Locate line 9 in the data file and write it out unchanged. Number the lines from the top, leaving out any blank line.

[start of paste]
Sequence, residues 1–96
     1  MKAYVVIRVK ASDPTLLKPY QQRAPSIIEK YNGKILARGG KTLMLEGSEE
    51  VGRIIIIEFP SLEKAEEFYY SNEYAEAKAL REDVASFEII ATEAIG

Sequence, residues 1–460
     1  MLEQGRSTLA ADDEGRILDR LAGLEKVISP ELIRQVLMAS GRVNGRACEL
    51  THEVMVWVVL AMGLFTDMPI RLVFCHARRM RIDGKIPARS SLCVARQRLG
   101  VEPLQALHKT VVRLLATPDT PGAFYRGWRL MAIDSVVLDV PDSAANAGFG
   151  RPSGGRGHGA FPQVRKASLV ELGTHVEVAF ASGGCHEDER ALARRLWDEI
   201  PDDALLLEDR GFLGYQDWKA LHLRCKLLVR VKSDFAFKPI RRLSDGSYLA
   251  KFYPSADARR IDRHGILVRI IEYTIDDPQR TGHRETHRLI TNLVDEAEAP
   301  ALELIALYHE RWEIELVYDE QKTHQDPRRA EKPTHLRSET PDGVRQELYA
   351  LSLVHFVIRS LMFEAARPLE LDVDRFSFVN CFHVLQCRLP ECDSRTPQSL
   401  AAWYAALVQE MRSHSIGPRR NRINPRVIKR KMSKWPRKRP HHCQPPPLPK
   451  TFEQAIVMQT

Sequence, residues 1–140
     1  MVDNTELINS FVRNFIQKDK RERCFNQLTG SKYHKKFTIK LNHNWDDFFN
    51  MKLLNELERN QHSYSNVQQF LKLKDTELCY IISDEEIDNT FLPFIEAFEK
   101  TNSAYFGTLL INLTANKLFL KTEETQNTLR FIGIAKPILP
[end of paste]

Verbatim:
   201  PDDALLLEDR GFLGYQDWKA LHLRCKLLVR VKSDFAFKPI RRLSDGSYLA